How our memories become a 'treasure-trove'

At one time or another in our life, all of us are confronted with the most fundamental question of “who am I?” Do our memories make us who we are?  When our memories are lost we are thrown into a realm of confusion about ourselves. From this we can safely conclude that our memories are a significant part of our identity. But have you ever wondered about the genesis of these memories? How is it that certain memories are more profound than others? Isn’t it puzzling how the same brain that can sometimes forget the simplest of things can also remember certain incidents that haunt us for the rest of our lives!

Such complex questions have got many inquisitive neuroscientists thinking for over centuries now. Let us join in this quest and find what’s going on, as it involves our memories too.

How are memories formed? When rodents move around in space, individual neurons known as ‘place cells’ get stimulated, in a manner similar to how Google Maps encodes the location of a place. These place cells are found in a part of the brain called the Hippocampus. Similarity to the shape of a sea-horse (genus: Hippocampus) gives the human hippocampus its name. Human hippocampus is critical for episodic memories - a very personal, autobiographical recollection of significant events in our past. These memories typically take a form of "what" happened, "where" it happened, and "when" it happened. These episodic memories are the reason why place and time are the first things you think of while recollecting any past personal experience. What do the rodents "place cells" have to do with episodic memory? The maps formed by these "smart neurons" can act as framework for storing significant events in our life in the context of where they happened. This creates a "cognitive map"- a scientific term for the map of our memories in our brain. This explains why we first think of a place or time and then start recalling the details of the event.

Dr. Sachin Deshmukh’s lab at the Centre for Neuroscience in the Indian Institute of Science is on an interesting journey to discover how the brain integrates this information about space and events in order to form a cognitive map- this map is interesting, because it is a gestalt representation: the ability of our minds to perceive something in its entirety, not merely the components in isolation.

 In his words, “The focus of my lab's research is to identify the sources of these two types of information, and to understand how these are synthesized into a gestalt representation of space and memories of significant events.”  His team has been studying the brain structure and function at a range of levels from neurons, to networks of neurons, to neural systems and behaviour, with an interdisciplinary approach. They have recorded activities of neurons in the hippocampus as well as its input to understand the nature of information encoded by these neurons.

His team studies how the lateral and the medial entorhinal cortex (LEC and MEC) enable the hippocampus to perform its role. The entorhinal cortex is the main interface between the hippocampus and the neocortex (the part of the brain associated with a variety of functions including movement, touch, sight and hearing in mammals). It plays an important role in the formation of spatial memories including memory formation, consolidation and memory optimization during sleep. Did you ever think so much work went behind you remembering your first date?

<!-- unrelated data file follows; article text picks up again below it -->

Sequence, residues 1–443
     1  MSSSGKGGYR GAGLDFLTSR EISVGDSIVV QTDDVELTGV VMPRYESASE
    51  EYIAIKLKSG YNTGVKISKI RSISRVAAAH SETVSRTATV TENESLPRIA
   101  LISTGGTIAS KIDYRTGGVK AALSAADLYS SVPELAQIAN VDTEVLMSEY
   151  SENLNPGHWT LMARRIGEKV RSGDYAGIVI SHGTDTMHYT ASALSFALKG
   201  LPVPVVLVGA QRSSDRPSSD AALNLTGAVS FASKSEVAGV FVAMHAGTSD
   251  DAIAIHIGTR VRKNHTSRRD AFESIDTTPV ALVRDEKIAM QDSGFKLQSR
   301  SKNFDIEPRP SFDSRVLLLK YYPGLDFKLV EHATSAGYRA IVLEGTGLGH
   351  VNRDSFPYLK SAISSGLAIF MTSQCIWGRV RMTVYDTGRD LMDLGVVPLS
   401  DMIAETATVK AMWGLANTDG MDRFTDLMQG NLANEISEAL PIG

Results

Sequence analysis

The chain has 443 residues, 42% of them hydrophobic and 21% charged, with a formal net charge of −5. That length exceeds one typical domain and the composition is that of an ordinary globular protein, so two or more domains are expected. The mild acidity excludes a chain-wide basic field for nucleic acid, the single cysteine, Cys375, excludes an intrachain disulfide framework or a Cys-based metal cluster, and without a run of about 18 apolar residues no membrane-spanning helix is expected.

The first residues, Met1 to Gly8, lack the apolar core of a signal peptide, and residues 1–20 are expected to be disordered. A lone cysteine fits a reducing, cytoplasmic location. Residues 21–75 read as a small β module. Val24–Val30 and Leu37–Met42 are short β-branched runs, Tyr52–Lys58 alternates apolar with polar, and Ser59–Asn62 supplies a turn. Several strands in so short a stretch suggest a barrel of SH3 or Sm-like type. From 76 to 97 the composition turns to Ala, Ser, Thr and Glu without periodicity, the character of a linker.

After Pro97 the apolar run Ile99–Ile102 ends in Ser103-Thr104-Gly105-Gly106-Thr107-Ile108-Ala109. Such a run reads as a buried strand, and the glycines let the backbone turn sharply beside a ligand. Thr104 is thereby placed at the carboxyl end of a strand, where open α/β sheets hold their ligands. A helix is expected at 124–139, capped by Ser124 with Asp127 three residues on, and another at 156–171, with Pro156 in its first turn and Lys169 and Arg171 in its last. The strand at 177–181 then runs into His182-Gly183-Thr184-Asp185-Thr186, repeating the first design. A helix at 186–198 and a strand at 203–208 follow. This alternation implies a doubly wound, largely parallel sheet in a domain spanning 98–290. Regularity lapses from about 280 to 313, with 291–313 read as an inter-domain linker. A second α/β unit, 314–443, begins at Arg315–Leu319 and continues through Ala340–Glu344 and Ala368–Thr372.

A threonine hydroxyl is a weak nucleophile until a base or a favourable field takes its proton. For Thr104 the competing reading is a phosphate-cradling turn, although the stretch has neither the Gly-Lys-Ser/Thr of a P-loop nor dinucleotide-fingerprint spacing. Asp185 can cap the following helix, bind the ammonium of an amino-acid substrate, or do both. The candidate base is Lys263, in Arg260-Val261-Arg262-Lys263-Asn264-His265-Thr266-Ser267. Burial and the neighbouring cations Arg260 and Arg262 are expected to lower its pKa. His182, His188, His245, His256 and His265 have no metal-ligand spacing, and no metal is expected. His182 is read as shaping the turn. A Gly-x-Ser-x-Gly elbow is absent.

Dr. Deshmukh says, “We have shown that LEC and MEC provide complementary representations of space to the hippocampus. While MEC represents the animal's current location based on ‘path integration’ computations,LEC derives spatial information from landmarks, in addition to encoding non-spatial information about those landmarks”. Path integration calculates the position of the animal in its environment based on its speed and direction. Unless kept in check, this path integration process in MEC is prone to accumulate errors. This is where the space represented by LEC comes to the rescue.

Unravelling such secrets of memory formation, Dr. Deshmukh has expanded the field of neuroscience. When asked about the implications of his research Dr. Deshmukh said, “Similar combination of path integration and intermittent landmark based correction is used in robotic navigation. Current research in the lab is advancing this picture by explicitly looking for the intermittent transmission of information from LEC to the hippocampus”. This could therefore mean advancement in the exciting field of robotics as well.

These findings are in their initial stages, but can obviously be applied in order to develop smarter tools for navigation and storing memory based on the integration of space and events. This work could potentially shed light on the reasons behind confusion about location, time and events seen in hippocampal deficit disorders like Alzheimer’s disease. Though it is too early to be certain, the understanding of network level changes could possibly lead to early diagnosis as well as possible treatments.

The novel work done by his team has given us a better insight to the workings of the brain during memory formation and consolidation. Dr. Deshmukh’s lab is definitely a place to look out for exciting innovations in the future as he so very eloquently puts it, “I see that these findings will give rise to larger questions about neuronal function. I see my lab bridging the molecular-systems divide and the sensory-cognitive divide to answer questions about how the brain works.” This would definitely mean a breakthrough in the field of neuroscience and us getting the true picture of that which makes us who we are.

 

Contact: Dr. Sachin Deshmukh <sachin@cns.iisc.ernet.in>